• Preparation is key – The only way you can run an effective business and ensure the PIP is working is to understand who your employees are – including strengths and weaknesses. Creating objectives or goals in the improvement plan that is impossible for certain employees to meet is just setting everyone up for failure. That’s not to say that you need to let your employees dictate how you manage the business, but helping them reach success is ideal for everyone involved.
  • Keep lines of communication open – The real way any improvement plan is going to succeed is if the communication is open between employees and managers. Keeping the dialogue open between the entire team helps boost employee confidence and engagement – two things every manager wants to have within a business. Open communication also allows managers to express clearly what they expect in terms of performance and productivity so employees are never surprised should they receive an improvement plan or disciplinary action.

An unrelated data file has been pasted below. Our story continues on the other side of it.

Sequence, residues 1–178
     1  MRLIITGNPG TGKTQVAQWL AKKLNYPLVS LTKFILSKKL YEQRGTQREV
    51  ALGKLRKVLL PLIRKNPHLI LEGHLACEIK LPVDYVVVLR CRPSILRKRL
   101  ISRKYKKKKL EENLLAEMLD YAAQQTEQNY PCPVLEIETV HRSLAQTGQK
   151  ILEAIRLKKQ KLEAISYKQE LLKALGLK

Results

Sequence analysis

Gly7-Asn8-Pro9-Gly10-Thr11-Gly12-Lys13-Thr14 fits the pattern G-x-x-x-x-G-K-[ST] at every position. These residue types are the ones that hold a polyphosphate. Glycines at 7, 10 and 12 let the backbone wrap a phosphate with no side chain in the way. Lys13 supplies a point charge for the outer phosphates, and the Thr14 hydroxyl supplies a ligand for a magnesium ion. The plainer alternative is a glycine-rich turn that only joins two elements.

• Stay on top of performance evaluations – The life of a manager is often stressful and filled with a range of tasks, but spending just 15 to 30 minutes to administer performance evaluations every three or six months is a great way to stay connected with employees and make any adjustments before issues get out of hand. Spending time with your employees is also a crucial way to let them know you care how they’re doing.
  • Offer a challenge – Depending on the employee, sometimes a decrease in productivity is simply a result of feeling bored. When an employee doesn’t feel challenged, it can be easy to slip into a lackadaisical way of thinking and performing – another reason why it’s important to understand the needs of your employees and engage with them frequently. Creating a list of objectives or skills within a performance improvement plan might be just the thing they need in order to feel relevant or useful on the job!

The relationship between a manager and employee is a tricky one – you want to be accommodating and friendly, while still maintaining that leadership role. Providing your employees with measurable goals and communication are two ways in which to boost the effectiveness of a performance improvement plan, but don’t forget to recognize efforts of the employees on a job well done!

Leave a Reply

Your email address will not be published. Required fields are marked *

*